A month earlier on 7 December 1941, Japan requested for the passage of Japanese troops through Thailand for the invasion of British Burma, Malaya and Singapore. When the Thai government baulked, Japan simply invaded the country.

Japanese forces invaded Thailand from Battambang, Cambodia, bombed Don Muang Airport and landed at seven points along the eastern coast of southern Thailand. The main effort landed at Songkla to secure the airfield for the invasion of British Malaya and Singapore.

To the south, the Japanese 25th Army under General Tomoyuki Yamashita, the Tiger of Malaya, overran Malaya and Singapore in 70 days, (50 days for Malaya and 20 for Singapore). The Japanese occupation of these countries lasted for three and a half years until liberation on 4 September 1945.

1942 wasn’t a happy time for many countries in the world.

October 1973 was a tumultuous time in Thai politics. Almost a quarter million demonstrators massed at the Democracy Monument to demand the resignation of the Prime Minister Field Marshall Thanom Kittikachon.

Democracy Monument in October 1973

Events reached a climax on 14 October 1973 when the military cracked down on the demonstrators. Many lost their lives or were missing. In the aftermath, Field Marshall Thanom resigned and left the country.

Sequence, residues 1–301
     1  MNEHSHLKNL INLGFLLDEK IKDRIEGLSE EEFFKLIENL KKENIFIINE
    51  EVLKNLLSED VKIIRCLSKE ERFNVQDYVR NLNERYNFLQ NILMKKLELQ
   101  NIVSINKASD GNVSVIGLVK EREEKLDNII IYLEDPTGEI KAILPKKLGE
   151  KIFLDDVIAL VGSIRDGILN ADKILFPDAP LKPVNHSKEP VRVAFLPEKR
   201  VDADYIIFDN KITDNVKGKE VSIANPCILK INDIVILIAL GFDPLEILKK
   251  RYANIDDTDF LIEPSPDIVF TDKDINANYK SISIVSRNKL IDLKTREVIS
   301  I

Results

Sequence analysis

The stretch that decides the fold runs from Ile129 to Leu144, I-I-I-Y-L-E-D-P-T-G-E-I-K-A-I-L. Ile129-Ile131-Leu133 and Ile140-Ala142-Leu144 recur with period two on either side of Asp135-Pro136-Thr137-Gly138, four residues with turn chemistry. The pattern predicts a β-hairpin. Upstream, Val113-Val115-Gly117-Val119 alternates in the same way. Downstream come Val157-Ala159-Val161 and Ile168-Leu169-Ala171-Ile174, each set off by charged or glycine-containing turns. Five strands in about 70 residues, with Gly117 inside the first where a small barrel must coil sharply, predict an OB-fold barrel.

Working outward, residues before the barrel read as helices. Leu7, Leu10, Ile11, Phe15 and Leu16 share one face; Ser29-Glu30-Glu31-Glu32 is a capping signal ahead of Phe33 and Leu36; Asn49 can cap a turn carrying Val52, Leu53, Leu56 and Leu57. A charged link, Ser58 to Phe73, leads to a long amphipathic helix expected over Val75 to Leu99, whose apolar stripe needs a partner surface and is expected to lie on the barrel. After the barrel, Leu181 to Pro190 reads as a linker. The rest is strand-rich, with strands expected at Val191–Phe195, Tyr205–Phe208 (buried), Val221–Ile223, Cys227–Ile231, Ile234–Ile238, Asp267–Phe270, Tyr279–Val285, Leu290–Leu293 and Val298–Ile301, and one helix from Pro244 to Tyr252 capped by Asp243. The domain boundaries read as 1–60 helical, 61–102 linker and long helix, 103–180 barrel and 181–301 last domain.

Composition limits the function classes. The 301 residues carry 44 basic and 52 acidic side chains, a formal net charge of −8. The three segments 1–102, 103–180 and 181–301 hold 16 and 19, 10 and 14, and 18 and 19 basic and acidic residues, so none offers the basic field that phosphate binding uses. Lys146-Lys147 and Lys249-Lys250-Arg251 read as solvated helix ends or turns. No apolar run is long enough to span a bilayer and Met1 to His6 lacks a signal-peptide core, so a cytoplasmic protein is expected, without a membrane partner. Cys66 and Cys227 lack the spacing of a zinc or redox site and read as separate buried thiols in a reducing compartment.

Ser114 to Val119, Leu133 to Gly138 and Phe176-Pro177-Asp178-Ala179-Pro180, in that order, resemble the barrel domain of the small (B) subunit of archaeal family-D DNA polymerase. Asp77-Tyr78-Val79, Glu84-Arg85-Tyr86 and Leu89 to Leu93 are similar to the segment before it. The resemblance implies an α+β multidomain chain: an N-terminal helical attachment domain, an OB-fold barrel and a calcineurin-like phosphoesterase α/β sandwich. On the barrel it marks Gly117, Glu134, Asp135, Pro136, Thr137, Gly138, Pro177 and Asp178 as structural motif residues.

Democracy Monument in 2009

This is a picture of the Democracy Monument today with all things back to normal. Please click on this link for a history of the Democracy Monument.

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New web page Ko Kred the island in the Chao Phraya

I visited Ko Kred an island in the Chao Phraya River in late June this year. So this article couldn’t make it for the July issue.

Ko Kred is an artificial island created in 1772. It is home to an old Mon community and the island is also famous for its pottery.

Ko Kred pottery

The local bazaar there has lots of interesting souvenirs as well as some very good snacks and deserts.

Local bazaar

If you haven’t visited the page yet, I won’t spoil your surprise about the food. Take a look at Ko Kred.


What I found most pleasant about Ko Kred is that it gives the city dweller a chance to enjoy some peace and serenity in a rustic atmosphere just outside Bangkok.

Quiet country lane

Imagine this is just an hour or so from Bangkok. So do drop in at Ko Kred and see for yourself.

Country home

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Correction – Thai Labour Museum

In May this year, I reported that the Thai Labour Museum has moved as I couldn’t find it when I visited the Makkasan area. Looks like I was wrong! I couldn’t find it because I was looking in the wrong place.